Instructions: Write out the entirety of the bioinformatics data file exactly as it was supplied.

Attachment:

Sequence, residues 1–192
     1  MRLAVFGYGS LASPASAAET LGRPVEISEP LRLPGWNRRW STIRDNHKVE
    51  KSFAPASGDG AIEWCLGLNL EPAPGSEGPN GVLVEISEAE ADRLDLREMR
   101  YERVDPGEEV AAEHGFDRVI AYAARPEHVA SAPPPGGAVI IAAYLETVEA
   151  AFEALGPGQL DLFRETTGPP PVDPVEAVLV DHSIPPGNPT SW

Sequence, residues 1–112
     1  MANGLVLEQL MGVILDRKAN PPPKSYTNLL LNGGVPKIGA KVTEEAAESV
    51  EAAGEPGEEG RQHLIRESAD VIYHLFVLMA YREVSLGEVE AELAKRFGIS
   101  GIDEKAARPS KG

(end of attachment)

Sequence, residues 1–192
     1  MRLAVFGYGS LASPASAAET LGRPVEISEP LRLPGWNRRW STIRDNHKVE
    51  KSFAPASGDG AIEWCLGLNL EPAPGSEGPN GVLVEISEAE ADRLDLREMR
   101  YERVDPGEEV AAEHGFDRVI AYAARPEHVA SAPPPGGAVI IAAYLETVEA
   151  AFEALGPGQL DLFRETTGPP PVDPVEAVLV DHSIPPGNPT SW

Sequence, residues 1–112
     1  MANGLVLEQL MGVILDRKAN PPPKSYTNLL LNGGVPKIGA KVTEEAAESV
    51  EAAGEPGEEG RQHLIRESAD VIYHLFVLMA YREVSLGEVE AELAKRFGIS
   101  GIDEKAARPS KG